Why you should own your web analytics data

Today, web clickstream data is mostly in the guarded hands of web analytics vendors; some of these vendors allow you to access this raw data. Human and computational resources to leverage this raw data are more accessible and cheaper than ever. Why and how can you take back ownership of your web analytics (clickstream) data?

What is Clickstream Data?

Every time a user sees a webpage or takes an action that is being tracked on a website, a “hit” is recorded. A hit is simply a row of data which contains rich information about the hit and the visitor. A typical hit can include dimensions such as: date, time, user ID, browser, operating system, country, city, requestedURL, hostname, etc.

Clickstream data is composed of thousands, millions or even billions of hits which tell the story of how, who, and what visitors are doing on your website. This is what web analytics vendors use to provide you statistics about your website.

Why to own your web analytics data

If you can relate to the questions below, then keep reading this post to find out how to own your clickstream data.

  • How long do users take from first visit to purchase?
  • What is your user retention/churn?
  • What is the most common path to signup?
  • What is your customer lifetime value per acquisition channel?
  • Which channel brings in the best customers?
  • What is the first/last channel touchpoint for users who purchase?
  • How many users have signed up more than 3 months ago but never purchased?
  • What % of users who signed up in the last Christmas season are still purchasing? Cohort by first purchase date.
  • Are users acquired via email marketing more valuable, compared to those acquired e.g. via AdWords?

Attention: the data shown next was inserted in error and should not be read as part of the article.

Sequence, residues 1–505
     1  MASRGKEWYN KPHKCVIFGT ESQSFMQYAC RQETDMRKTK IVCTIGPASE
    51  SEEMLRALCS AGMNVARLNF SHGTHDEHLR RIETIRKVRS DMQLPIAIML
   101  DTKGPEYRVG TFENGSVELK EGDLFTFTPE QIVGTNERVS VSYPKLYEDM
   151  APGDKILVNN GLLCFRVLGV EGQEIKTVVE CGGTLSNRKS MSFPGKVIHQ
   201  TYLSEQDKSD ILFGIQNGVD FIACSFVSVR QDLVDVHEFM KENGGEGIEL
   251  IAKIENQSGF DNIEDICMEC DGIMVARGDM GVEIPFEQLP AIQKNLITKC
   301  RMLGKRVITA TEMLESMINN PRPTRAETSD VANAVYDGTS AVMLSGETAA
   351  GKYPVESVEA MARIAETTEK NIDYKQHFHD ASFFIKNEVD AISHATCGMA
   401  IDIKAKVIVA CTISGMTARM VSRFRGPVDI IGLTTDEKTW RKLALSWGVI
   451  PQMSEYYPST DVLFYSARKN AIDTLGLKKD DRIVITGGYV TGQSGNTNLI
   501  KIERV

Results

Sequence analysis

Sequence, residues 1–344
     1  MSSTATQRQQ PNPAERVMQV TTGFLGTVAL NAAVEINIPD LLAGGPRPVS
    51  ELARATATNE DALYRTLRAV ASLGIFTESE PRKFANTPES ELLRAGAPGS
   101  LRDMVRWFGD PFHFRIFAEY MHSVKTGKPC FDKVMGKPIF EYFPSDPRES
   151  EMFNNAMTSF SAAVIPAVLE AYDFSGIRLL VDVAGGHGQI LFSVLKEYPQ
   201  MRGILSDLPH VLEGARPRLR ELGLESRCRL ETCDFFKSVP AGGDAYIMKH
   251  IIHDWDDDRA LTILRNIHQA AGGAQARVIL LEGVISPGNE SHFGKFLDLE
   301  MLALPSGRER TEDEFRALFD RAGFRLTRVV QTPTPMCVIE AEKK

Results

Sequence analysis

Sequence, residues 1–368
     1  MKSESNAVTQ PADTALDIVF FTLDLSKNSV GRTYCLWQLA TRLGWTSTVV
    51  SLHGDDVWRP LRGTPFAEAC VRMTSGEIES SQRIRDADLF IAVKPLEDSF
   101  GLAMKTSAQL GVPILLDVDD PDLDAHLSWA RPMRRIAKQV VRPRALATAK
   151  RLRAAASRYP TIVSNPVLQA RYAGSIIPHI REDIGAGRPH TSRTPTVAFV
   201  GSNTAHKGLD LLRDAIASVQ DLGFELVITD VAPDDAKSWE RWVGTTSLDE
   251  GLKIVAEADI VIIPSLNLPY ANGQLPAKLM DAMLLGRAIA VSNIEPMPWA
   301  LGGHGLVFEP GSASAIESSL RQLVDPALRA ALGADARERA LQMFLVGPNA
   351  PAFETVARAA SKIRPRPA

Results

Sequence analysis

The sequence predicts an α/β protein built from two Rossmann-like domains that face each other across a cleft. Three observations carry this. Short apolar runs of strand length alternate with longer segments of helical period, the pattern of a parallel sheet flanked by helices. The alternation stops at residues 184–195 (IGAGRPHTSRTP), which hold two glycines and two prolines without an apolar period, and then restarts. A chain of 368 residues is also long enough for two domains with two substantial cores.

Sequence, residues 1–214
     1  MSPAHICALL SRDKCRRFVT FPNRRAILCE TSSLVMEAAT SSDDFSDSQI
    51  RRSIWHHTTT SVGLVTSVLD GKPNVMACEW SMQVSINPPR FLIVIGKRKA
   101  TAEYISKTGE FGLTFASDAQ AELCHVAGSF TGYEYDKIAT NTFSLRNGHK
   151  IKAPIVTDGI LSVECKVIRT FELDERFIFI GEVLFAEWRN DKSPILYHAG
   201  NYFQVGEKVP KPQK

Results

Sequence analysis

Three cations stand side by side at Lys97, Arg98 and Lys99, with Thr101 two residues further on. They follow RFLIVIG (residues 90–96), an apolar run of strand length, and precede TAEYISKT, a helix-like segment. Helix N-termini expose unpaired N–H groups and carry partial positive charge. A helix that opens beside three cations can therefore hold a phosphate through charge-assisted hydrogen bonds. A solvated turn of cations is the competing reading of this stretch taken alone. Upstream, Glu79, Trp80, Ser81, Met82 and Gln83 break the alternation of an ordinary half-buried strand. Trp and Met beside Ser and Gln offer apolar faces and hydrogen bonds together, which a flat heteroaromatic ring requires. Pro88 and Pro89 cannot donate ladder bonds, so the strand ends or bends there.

• Which users added products to the cart but didn’t finish converting? Which products were those?

State of the Analytics Nation

We are in a booming cloud computing age:

  • More data sources
  • Cheap to store large sets of data
  • Cheap to perform computations on large sets of data
  • There are software and human resources with the skills to mine data
  • High demand for highly granular data

Almost every web analytics vendor uses javascript tracking (or via mobile SDKs), by firing a pixel with data that identifies each hit with browser resolution, page path information and other rich metadata. Most of this information doesn’t go to your own server logs; it is stored inside your vendor’s data warehouse and you have to work to get it out (if they provide it to you).

Many of the paid vendors provide this granular clickstream data (Google Analytics Premium via BigQuery, Adobe Analytics via Data Feeds, etc) and it is up to you to extract it.

Today, companies should not be stuck with answering basic questions due to a lack of clickstream data.

How to Free Your Digital Analytics Data

If you are a Google Analytics Premium client, you can enable the Google BigQuery integration which will make the clickstream data available to you on a daily basis.

If you use Google Analytics Standard (free version), Google will not be providing you access to the clickstream data. You can query the API for certain data, but it is summarized and processed data. Fear not though; you are not stuck! One solution to get ownership of your GA Standard clickstream data is to use Blast’s Clickstreamr product which captures a copy of the same data that is sent to GA.

If you use Adobe Analytics, you can have your clickstream data delivered daily via FTP in multiple zipped files.

If you use Snowplow Analytics, you own your clickstream data. This sophisticated event analytics platform leverages Amazon Web Services to scale. You can store and analyze your data using Hadoop Hive, Spark, Redshift or PostgreSQL. This platform has the particularity of offering real-time clickstream analytics.

Owning your clickstream data has never been so easy and affordable! Some of the most popular applications of this data include:

  • Joining clickstream data with customer data from external sources
  • Product Recommendation Systems
  • Customer Analytics
  • Catalog Analytics
  • Prediction Modeling
  • Attribution Modeling
  • Cohort Analysis
  • Customer Lifetime Value Analysis

Conclusion

Having a solid web analytics implementation with summarized data can bring value to organizations, but as your analytics maturity evolves you’ll find that highly granular, user-level data will allow you to answer far deeper and more valuable business questions. Stop waiting for your analytics tool to build a feature to answer your business questions and move into the limitless world of clickstream data analysis!

I originally posted this article on BlastAM Blog.